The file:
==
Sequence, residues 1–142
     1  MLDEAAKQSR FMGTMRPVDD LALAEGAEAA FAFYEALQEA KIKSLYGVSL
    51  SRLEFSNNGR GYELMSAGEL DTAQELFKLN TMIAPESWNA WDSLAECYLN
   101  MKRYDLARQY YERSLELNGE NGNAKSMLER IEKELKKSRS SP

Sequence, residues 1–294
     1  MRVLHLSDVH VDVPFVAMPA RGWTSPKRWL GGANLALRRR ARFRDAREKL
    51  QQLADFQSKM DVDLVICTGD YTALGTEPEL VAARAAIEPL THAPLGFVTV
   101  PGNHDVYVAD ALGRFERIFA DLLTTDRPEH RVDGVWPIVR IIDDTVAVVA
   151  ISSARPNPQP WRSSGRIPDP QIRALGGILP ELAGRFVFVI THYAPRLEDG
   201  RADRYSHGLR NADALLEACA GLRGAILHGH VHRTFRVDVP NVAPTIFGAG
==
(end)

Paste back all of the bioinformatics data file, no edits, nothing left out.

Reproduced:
Sequence, residues 1–142
     1  MLDEAAKQSR FMGTMRPVDD LALAEGAEAA FAFYEALQEA KIKSLYGVSL
    51  SRLEFSNNGR GYELMSAGEL DTAQELFKLN TMIAPESWNA WDSLAECYLN
   101  MKRYDLARQY YERSLELNGE NGNAKSMLER IEKELKKSRS SP

Sequence, residues 1–294
     1  MRVLHLSDVH VDVPFVAMPA RGWTSPKRWL GGANLALRRR ARFRDAREKL
    51  QQLADFQSKM DVDLVICTGD YTALGTEPEL VAARAAIEPL THAPLGFVTV
   101  PGNHDVYVAD ALGRFERIFA DLLTTDRPEH RVDGVWPIVR IIDDTVAVVA
   151  ISSARPNPQP WRSSGRIPDP QIRALGGILP ELAGRFVFVI THYAPRLEDG
   201  RADRYSHGLR NADALLEACA GLRGAILHGH VHRTFRVDVP NVAPTIFGAG